Resilience is the ability to recover quickly from illness, change and adverse events.  Resilience is a tool or resource you can draw upon and strengthen.  Consider these few tactics that help develop resilience: 

1) Build relationships with those you can turn to for support and who are dependable in their ability to offer acceptance, patience and empathy. 

2) Practice daily positive self-talk by achieving small goals you can reflect on for self-praise.  Tip:  Identify what you’ve been putting off and start there. 

3) Develop reflexes to spot the lessons learned from daily mistakes, slipups and frustrations, and nip self-criticism in the bud. 

4) Maintain a forward-looking mindset with enjoyable goals/activities/tasks planned for days or weeks in front of you. 

Each of these tactics helps build resilience you can count on when the going gets tough. 

Raising Self-Esteem  

Positive self-esteem is a resource tool when adversity hits.  You’re able to make more effective decisions, feel confident and sense hope when the going gets tough.  If you question the level of your self-esteem, try these action steps to boost it:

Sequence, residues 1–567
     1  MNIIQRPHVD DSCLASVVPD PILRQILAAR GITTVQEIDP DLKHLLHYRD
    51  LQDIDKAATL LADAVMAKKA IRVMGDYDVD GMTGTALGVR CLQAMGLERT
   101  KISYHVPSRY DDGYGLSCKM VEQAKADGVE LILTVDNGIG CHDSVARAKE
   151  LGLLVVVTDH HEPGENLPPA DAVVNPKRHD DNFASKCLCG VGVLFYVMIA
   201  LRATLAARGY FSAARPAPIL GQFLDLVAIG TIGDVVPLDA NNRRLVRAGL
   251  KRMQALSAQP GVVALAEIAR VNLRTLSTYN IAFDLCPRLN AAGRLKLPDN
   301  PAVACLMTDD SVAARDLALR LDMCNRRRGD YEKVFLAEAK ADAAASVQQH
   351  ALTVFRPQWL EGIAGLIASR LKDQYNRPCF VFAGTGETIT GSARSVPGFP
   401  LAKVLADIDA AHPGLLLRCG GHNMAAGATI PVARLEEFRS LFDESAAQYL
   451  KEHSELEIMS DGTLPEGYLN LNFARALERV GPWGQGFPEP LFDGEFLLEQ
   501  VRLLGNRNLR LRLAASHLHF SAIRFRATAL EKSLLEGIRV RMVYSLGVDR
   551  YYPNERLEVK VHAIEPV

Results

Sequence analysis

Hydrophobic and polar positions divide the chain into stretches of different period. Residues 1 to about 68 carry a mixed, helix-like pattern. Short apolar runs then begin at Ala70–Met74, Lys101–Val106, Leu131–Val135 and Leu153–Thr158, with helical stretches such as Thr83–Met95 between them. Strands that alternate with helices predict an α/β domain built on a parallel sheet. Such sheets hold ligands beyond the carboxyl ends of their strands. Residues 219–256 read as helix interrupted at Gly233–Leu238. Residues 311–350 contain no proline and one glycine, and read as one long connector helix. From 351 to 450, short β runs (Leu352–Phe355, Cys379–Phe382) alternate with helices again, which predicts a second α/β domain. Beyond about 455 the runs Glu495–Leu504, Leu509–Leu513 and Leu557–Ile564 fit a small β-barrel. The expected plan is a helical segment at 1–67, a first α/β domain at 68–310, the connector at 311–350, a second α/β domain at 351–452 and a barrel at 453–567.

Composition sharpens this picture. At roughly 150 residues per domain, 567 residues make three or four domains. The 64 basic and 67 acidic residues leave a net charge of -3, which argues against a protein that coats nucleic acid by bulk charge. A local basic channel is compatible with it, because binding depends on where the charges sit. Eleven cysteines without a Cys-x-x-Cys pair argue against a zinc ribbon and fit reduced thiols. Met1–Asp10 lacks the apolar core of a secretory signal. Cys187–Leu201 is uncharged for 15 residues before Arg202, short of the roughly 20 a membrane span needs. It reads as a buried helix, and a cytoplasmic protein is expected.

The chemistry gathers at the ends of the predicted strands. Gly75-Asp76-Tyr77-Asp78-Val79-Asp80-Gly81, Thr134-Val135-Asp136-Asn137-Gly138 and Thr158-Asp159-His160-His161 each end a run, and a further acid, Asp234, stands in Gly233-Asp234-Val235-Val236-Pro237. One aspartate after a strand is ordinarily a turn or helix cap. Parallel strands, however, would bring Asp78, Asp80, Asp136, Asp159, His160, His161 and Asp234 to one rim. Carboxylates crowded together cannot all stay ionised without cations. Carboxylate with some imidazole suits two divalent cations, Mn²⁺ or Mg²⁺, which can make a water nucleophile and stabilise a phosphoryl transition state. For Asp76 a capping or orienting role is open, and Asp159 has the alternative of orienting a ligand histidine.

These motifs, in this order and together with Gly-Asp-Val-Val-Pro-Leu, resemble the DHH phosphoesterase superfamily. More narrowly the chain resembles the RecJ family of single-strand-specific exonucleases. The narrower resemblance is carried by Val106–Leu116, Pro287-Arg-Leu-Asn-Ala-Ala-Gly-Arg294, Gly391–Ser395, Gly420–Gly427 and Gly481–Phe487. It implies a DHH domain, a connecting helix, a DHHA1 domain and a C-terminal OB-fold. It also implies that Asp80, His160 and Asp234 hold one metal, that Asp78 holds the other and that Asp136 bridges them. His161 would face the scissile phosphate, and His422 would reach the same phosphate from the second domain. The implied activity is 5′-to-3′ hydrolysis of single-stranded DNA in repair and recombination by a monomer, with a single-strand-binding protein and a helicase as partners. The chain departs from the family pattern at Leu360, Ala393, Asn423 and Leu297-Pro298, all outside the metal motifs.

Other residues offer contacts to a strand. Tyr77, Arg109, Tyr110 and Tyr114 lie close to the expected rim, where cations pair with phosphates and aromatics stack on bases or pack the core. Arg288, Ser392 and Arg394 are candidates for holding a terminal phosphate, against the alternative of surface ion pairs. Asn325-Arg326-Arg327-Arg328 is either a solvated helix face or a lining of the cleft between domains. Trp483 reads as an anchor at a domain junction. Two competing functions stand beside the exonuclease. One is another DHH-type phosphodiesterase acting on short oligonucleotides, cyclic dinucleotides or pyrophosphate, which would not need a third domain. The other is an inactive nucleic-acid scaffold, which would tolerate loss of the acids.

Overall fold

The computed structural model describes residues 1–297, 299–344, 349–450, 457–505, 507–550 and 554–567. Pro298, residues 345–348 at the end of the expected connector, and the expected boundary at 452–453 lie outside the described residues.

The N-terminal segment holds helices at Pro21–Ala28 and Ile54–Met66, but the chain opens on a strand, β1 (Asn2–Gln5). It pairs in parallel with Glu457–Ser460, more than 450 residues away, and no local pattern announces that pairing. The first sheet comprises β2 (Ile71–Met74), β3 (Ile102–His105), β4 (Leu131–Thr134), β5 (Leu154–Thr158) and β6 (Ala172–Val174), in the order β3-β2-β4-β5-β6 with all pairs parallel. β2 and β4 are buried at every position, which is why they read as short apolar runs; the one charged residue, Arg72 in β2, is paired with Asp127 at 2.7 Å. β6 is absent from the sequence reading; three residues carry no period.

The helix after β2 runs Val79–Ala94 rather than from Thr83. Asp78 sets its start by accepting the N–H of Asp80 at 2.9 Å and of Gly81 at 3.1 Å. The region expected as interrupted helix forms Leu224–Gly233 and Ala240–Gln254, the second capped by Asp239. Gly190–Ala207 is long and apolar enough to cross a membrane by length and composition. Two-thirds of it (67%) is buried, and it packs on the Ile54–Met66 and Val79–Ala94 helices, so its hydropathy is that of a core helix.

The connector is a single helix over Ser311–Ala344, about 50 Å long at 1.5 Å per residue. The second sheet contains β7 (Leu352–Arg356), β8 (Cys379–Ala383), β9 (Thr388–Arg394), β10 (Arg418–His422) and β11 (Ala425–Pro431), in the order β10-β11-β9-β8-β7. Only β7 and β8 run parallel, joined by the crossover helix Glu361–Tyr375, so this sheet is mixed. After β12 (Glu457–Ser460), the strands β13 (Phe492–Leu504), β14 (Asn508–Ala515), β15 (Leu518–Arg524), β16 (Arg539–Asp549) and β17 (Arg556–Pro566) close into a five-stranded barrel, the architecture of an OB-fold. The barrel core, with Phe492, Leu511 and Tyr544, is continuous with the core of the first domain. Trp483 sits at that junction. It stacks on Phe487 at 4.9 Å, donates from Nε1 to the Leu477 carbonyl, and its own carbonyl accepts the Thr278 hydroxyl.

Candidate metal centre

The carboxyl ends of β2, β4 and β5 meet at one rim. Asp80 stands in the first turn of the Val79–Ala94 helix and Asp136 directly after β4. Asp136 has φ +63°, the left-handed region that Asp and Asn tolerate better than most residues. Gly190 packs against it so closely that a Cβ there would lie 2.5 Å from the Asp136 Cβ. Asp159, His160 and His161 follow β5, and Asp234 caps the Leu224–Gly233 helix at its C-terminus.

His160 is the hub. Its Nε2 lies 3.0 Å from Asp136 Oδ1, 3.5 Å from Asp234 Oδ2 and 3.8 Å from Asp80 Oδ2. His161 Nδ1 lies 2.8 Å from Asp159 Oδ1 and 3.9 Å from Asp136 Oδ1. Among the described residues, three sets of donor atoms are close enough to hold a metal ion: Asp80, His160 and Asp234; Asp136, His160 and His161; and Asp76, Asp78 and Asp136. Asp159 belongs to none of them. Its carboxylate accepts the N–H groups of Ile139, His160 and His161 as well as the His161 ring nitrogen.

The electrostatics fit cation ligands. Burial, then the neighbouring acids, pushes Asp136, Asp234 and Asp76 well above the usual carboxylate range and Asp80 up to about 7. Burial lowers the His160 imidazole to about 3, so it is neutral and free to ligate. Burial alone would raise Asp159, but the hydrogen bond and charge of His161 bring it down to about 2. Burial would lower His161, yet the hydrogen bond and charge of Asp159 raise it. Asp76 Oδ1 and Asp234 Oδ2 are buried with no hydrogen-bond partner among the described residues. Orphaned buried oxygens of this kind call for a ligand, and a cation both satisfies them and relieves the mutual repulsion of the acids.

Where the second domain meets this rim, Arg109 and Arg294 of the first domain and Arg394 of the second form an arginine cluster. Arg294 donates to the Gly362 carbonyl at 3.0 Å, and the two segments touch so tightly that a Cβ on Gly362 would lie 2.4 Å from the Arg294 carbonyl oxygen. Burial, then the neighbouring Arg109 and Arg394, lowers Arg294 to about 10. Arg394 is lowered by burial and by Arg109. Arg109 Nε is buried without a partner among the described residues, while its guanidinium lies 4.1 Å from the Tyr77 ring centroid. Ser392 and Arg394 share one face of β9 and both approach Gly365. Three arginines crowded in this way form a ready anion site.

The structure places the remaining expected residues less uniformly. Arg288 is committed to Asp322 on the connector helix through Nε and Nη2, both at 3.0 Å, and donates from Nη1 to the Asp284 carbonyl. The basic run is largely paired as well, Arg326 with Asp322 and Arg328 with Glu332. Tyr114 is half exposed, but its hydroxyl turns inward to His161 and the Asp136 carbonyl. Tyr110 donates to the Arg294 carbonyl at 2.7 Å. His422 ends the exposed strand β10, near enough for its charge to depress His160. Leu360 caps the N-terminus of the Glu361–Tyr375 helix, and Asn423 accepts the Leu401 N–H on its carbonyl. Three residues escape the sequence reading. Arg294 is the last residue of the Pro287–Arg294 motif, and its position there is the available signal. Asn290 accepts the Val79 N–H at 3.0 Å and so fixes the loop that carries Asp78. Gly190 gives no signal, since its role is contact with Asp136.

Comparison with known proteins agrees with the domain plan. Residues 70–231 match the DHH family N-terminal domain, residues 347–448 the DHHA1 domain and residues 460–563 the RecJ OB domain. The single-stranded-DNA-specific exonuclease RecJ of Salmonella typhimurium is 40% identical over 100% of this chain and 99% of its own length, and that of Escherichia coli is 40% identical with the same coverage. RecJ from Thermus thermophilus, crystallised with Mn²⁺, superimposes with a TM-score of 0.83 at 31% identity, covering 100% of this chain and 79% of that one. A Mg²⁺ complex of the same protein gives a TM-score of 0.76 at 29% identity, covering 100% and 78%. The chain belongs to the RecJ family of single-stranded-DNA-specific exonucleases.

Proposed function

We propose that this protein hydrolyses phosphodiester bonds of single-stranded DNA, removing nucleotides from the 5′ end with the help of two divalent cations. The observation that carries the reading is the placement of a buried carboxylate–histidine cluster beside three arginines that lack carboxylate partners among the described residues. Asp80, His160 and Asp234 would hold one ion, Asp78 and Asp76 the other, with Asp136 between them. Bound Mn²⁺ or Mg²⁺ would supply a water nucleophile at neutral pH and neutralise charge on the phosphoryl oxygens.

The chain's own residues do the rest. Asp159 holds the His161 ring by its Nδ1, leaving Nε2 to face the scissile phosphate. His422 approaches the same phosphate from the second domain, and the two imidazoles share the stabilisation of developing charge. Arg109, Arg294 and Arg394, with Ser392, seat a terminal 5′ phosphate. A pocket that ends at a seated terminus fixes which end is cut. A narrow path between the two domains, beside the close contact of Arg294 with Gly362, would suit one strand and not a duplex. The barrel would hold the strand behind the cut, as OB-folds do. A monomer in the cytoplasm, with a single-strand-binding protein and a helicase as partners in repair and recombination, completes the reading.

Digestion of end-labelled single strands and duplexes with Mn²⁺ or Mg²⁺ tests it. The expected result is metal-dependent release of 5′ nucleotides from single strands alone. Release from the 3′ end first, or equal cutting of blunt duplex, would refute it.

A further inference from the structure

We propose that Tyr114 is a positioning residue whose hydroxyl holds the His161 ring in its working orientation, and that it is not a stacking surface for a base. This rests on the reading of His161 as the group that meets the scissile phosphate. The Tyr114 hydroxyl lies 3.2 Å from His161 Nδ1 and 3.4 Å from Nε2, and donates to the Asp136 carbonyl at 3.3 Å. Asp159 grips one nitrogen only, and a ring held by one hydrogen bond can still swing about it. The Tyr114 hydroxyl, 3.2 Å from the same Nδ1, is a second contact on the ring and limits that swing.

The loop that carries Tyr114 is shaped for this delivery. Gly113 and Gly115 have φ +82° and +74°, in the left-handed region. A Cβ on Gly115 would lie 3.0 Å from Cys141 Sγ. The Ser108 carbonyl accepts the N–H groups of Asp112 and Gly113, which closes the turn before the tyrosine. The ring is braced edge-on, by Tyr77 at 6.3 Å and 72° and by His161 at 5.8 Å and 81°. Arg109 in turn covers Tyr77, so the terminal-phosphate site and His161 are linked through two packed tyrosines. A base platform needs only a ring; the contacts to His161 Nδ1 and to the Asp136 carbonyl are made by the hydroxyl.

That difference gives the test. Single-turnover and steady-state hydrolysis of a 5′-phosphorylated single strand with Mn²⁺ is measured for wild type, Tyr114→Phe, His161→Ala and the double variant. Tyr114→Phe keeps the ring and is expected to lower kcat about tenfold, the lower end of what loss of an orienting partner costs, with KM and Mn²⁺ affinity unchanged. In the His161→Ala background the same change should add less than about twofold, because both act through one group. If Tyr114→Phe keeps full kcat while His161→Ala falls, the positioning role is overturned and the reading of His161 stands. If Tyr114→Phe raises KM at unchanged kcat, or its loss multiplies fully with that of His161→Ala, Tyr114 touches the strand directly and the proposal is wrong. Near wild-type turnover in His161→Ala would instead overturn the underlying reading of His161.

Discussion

1)  Identify the positive human qualities you possess by using this massive list: exercise will make you more aware of the real you.  You may be surprised at how many positive qualities you actually possess. 

2)  Catch negative self-talk quickly and ask, “What is causing me to think this way right now?”  This exercise will erode negative, knee-jerk reactions to the everyday mishaps we all experience. 

3)  When mistakes happen, don’t target yourself for self-criticism.  Instead, focus on the decision and changes you need to consider next time. 

4)  Everyone reacts with discouragement or emotions to mishaps and unfortunate events.  The life skill to develop is learning to overcome a negative emotional response quickly and restoring courage to try again. 

5)  Gravitate toward those who validate your self-worth, particularly good listeners. 

6)  If you struggle with self-esteem, it can be easier to be critical of others, just as you are with yourself.  The act of accepting others along with their shortcomings has a double-healing effect of improving relationships with others while you actually improve the one with yourself.